From the best-selling author of The Circle, the true story of a young Yemeni-American man, raised in San Francisco, who dreams of resurrecting the ancient art of Yemeni coffee but finds himself trapped in Sana'a by civil war--and his riveting tale of escape.Mokhtar Alkhanshali grew up in San Francisco, one of seven siblings brought up by Yemeni immigrants in a tiny apartment. At age twenty-four, unable to pay for college, he works as a doorman, until a statue of an Arab raising a cup of coffee awakens something in him. He sets out to learn the rich history of coffee in Yemen and the complex art of tasting and identifying varietals. He travels to Yemen and visits countless farms, collecting samples, eager to bring improved cultivation methods to the countryside. And he is on the verge of success when civil war engulfs Yemen in 2015. The US Embassy closes, Saudi bombs began to rain down on the country, and Mokhtar is trapped in Yemen. Desperate to escape, he embarks on a passage that has him negotiating with dueling political factions and twice kidnapped at gunpoint. With no other options, he hires a skiff to take him, and his coffee samples, across the Red Sea. A heart-pounding true story that weaves together the history of coffee, the ongoing Yemeni civil war, and the courageous journey of a young man--a Muslim and a US citizen--following the most American of dreams.
The Monk of Mokha Review
- January 1, 1970MarieEggers was the reason why I picked up this book—someone at work handed me an ARC and I was like sure why not? I didn’t even realize it was non-fiction until after the first chapterBut holy cow, it was spectacular. It’s about a Yemeni-American who wants to bring high quality Yemen coffee back to the US and the rest of the world. I had no idea about the history of coffee and wouldn’t have thought I would find it so interesting, but Eggers writes the history portions with his famous storytelling to Eggers was the reason why I picked up this book—someone at work handed me an ARC and I was like sure why not? I didn’t even realize it was non-fiction until after the first chapterBut holy cow, it was spectacular. It’s about a Yemeni-American who wants to bring high quality Yemen coffee back to the US and the rest of the world. I had no idea about the history of coffee and wouldn’t have thought I would find it so interesting, but Eggers writes the history portions with his famous storytelling touch. Not to mention that Mokha’s story is absolutely crazy. My only complaint is a small one—I thought the ending didn’t have enough detail. Then again, the story is still going on. If you have even the slightest interest in coffee or Yemen, it’s a good book for you. If nothing else, it will give you some good tidbits to wow people at the next party you attend.more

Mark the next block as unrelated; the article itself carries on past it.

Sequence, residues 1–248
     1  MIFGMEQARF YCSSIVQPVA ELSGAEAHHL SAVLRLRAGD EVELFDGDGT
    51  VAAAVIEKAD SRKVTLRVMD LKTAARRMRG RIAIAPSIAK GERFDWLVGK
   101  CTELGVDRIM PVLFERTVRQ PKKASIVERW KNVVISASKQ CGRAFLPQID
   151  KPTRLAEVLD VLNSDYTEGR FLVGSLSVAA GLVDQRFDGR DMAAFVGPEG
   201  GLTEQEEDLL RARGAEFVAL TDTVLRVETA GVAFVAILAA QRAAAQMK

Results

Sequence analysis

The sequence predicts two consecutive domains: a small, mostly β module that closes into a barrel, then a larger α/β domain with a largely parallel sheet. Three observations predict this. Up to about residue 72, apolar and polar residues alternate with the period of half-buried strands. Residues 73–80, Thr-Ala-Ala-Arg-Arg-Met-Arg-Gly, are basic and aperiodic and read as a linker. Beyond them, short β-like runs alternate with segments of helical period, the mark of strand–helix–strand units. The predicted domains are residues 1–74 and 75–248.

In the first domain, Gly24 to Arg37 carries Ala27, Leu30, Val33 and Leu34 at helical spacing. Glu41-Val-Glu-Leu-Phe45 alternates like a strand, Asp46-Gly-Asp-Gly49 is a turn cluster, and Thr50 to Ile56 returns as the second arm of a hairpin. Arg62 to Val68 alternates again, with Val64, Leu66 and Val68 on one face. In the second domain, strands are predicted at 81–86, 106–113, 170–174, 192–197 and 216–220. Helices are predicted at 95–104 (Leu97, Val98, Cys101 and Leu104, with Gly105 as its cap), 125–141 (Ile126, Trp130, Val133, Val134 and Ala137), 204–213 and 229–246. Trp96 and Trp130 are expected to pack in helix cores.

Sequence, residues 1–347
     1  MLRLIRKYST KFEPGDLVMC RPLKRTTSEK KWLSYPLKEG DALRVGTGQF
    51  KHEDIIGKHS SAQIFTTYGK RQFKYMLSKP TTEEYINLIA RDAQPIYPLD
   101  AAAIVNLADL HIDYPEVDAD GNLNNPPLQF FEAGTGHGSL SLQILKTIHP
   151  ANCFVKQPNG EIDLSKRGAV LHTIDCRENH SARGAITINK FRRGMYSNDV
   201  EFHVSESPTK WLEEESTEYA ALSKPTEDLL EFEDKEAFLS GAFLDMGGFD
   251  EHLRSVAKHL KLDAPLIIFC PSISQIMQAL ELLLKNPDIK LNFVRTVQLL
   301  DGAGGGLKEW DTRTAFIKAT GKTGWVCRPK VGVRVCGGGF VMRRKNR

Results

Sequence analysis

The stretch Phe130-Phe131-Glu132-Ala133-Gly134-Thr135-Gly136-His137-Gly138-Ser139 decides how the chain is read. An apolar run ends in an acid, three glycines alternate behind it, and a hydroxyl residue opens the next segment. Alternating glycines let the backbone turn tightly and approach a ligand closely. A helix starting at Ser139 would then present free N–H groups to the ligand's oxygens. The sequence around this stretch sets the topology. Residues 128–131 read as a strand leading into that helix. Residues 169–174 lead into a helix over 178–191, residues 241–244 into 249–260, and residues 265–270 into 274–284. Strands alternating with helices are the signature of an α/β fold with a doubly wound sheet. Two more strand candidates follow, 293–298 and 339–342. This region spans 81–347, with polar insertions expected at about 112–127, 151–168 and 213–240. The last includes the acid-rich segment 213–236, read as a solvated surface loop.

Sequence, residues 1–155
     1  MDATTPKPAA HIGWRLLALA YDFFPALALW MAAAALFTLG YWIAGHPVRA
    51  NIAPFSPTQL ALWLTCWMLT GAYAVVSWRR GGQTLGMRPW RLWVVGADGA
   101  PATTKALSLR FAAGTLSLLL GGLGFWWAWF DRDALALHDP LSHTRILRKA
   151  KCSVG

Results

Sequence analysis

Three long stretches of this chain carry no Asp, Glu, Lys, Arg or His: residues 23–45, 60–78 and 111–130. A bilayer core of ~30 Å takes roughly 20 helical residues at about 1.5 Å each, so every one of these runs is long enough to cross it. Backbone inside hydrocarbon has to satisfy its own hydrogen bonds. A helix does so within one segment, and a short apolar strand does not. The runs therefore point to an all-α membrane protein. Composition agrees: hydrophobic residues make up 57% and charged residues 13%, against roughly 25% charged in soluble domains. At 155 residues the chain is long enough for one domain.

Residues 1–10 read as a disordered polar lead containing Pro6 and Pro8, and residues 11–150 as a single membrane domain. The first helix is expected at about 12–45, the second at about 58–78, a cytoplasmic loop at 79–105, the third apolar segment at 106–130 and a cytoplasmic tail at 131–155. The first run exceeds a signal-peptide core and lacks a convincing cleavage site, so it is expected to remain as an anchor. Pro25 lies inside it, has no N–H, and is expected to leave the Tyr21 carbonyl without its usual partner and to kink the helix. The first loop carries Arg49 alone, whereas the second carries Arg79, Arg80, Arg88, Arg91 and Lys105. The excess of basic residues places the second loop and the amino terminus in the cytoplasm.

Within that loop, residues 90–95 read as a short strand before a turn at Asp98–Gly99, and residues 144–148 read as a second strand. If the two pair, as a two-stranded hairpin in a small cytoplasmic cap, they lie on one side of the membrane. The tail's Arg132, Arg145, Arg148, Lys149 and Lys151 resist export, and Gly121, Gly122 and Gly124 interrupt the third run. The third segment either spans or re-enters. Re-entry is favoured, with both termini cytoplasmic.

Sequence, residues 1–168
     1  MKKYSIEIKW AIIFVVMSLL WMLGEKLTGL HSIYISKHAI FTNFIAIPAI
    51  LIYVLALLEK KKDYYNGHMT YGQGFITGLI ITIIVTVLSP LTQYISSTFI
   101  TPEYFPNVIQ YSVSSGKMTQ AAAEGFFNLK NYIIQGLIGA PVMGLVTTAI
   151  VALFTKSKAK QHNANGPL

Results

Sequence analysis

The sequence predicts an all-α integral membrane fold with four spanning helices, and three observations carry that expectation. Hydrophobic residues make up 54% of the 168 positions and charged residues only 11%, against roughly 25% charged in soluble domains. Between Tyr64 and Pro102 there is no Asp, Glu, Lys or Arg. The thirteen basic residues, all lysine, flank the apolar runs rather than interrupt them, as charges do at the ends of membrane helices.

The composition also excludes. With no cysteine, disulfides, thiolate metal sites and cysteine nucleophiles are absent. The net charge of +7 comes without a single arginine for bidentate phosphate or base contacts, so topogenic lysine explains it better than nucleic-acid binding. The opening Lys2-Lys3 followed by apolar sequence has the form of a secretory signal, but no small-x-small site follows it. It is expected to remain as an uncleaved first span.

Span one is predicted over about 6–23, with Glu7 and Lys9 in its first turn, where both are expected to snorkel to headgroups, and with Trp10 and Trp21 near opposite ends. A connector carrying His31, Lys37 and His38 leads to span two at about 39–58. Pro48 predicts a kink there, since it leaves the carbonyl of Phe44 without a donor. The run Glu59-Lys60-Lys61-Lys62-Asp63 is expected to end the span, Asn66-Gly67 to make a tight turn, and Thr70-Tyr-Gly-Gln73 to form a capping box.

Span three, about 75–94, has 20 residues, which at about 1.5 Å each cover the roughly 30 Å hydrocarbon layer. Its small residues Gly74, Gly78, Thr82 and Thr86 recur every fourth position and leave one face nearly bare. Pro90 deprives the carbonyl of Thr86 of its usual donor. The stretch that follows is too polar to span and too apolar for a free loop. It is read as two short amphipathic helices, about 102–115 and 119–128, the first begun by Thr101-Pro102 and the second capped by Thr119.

- January 1, 1970KristaConditions in Yemen were deteriorating. Virtually no goods were being shipped out of the country. Activity at the ports was concentrated on importing essentials. Medicine was scarce and the vast majority of the country was suffering from food insecurity. The UN considered Yemen on the brink of famine. No one was prioritizing the export of coffee to international specialty roasters. The Monk of Mokha is a work of narrative nonfiction by noted storyteller Dave Eggers: Focussing on the compelling Conditions in Yemen were deteriorating. Virtually no goods were being shipped out of the country. Activity at the ports was concentrated on importing essentials. Medicine was scarce and the vast majority of the country was suffering from food insecurity. The UN considered Yemen on the brink of famine. No one was prioritizing the export of coffee to international specialty roasters. The Monk of Mokha is a work of narrative nonfiction by noted storyteller Dave Eggers: Focussing on the compelling story of one Yemeni-American's efforts to reboot his ancestral homeland's coffee industry, this book provides a microhistory of coffee itself, an overview of the often overlooked country of Yemen, an introduction to America's “third wave” of coffee production/consumption, and the whole is used as a progressive lens through which to evaluate the ways in which we weigh the value of someone's work. What I found in this book was certainly interesting and informative, I just wanted more: more on coffee, more on Yemen, and I especially felt this to be a lost opportunity to bring the world up to date on what Amnesty International refers to as “The Forgotten War” (but I suppose if Eggers dwelled too much on the ongoing humanitarian crisis in Yemen, it would be hard to craft a feel good story out of using the country's bombed-out ports for exporting coffee to international specialty roasters so rich folks can spend fifteen bucks on a cup of brew). Still, this is a dramatic true life story that certainly demonstrates Eggers' stated thesis: “how these bridge-makers exquisitely and perhaps most bravely embody this nation's reason for being, a place of radical opportunity and ceaseless welcome”. Note: I read an Advanced Reading Copy and quotes used may not be in their final forms (I just can't help myself). Four stars can be considered a rounding up after much mental back and forth.So, who is “The Monk of Mokha”? (Shaykh Ali Ibn Omar Alqurashi) al-Shadhili, a Sufi monk, had gone to Harar, married an Ethiopian woman and brought the coffee plant – which hadn't been cultivated yet; it was still wild – back to Yemen. Here, in Mokha, he invented the dark brew now known as coffee. Local lore had it that it was al-Shadhili who was responsible for Mokha's ascendance to the center of the coffee trade. And it was he who introduced coffee to the traders who came to Mokha, and who extolled its medicinal qualities. This little known history – that coffee was first processed and brewed in Yemen – became a point of pride, and eventually a bit of an obsession, to a young and directionless Yemeni-American who was raised in the Tenderloin district of San Francisco by hardworking immigrant parents. When Mokhtar Al-Khanshali first heard of the monk al-Shadhili, and later learned from his mother that coffee cultivation went back generations in their family, Mokhtar decided to educate himself; eventually becoming the first Yemini Q Grader of Arabica coffee beans in the world (a prestigious and internationally recognised designation). Whenever he asked people in the industry, however, about the quality of Yemeni coffee, he always heard that it was particularly terrible; only suitable for dumping on the commodity market. Not willing to accept that, Mokhtar went to Yemen and met with farmers; eventually teaching them how to properly cultivate, harvest, and prepare their crops for export. When Mokhtar eventually got a decent sample out of the country – in a thrilling episode as Yemen descended into civil war – it went on to garner the highest rating ever given to a coffee strain. Today, Mokhtar imports tonnes of Yemeni coffee beans into the US – each variety of which can be traced back to its farm of origin, where its producer is given a fair and decent profit – and after processing and roasting in his own facility (Port of Mokha), Moktar sells this superior product to the world (a three 4 oz sample variety pack will cost you $158 US).Now, I would never spend something like twenty dollars Canadian on a single cup of coffee, but this “third wave” is apparently about approaching coffee the same way a sommelier evaluates wines: when the best in the world is identified, the discerning consumer should be expected to pay more for it; the producer should be expected to profit from providing excellence. And as this story is presented – Mokhtar pays his farmers many times what they used to receive, easing their poverty and freeing them from loansharks and the exploitative commodities market – this seems like an objective good. On the other hand, someone needs to be able to afford to buy coffee at that price, and Eggers uses this book to sneer at class stratification, using the San Francisco setting to demonstrate the unfair chasm between the haves and the have-nots. The reader is supposed to join in Eggers' outrage that Mokhtar (a college dropout without a life plan and sleeping on his parents' floor at twenty-five years old) takes a job as a doorman at a luxury high rise, making $18/hr to open the door for people who won't sully their hands to do so for themselves: By hand, Mokhtar couldn't open both doors. They were too heavy and too big. With the button, though, the resident could stride through a fantastically wide and welcoming gateway of glass, unobstructed. They could enter the lobby, and Moktar, the Lobby Ambassador, could greet them. He'd be happy to greet them. It cost him nothing to look up and say hello. But to leap from the desk, to rush over, eager and panting, only to push open a door that could be opened with a button – it was a self-evident outrage and an assault on his pride. Especially when the residents passed through the lobby, entered the elevators and flew up, to apartments high above him, places he'd never seen. A self-evident outrage and an assault on his pride to do what he was well-paid to do? I don't think I can follow where Eggers is trying to lead me with that. As a Canadian, I have no stakes in American politics, but it didn't escape my notice that Eggers writes vaguely of the “high paranoia of the Bush years”, and frets about the future for Muslims under Trump (a man, Eggers stresses, who was not elected by the people but whose presidency was only made possible by the electoral college), but while the actual indignities that Mokhtar experiences (racial profiling at airports, the US State Department refusing to evacuate American citizens when war breaks out in Yemen, the frequent American drone strikes within Yemen and the collateral civilian deaths, the Saudis using American-built weapons to bomb Yemen) all happened during the Obama years, Eggers doesn't link his name to any of these specific policies. This book has a particular political slant, and I just want to acknowledge it. Still, this is an interesting and informative story, told well, and less than four stars would feel peevish.more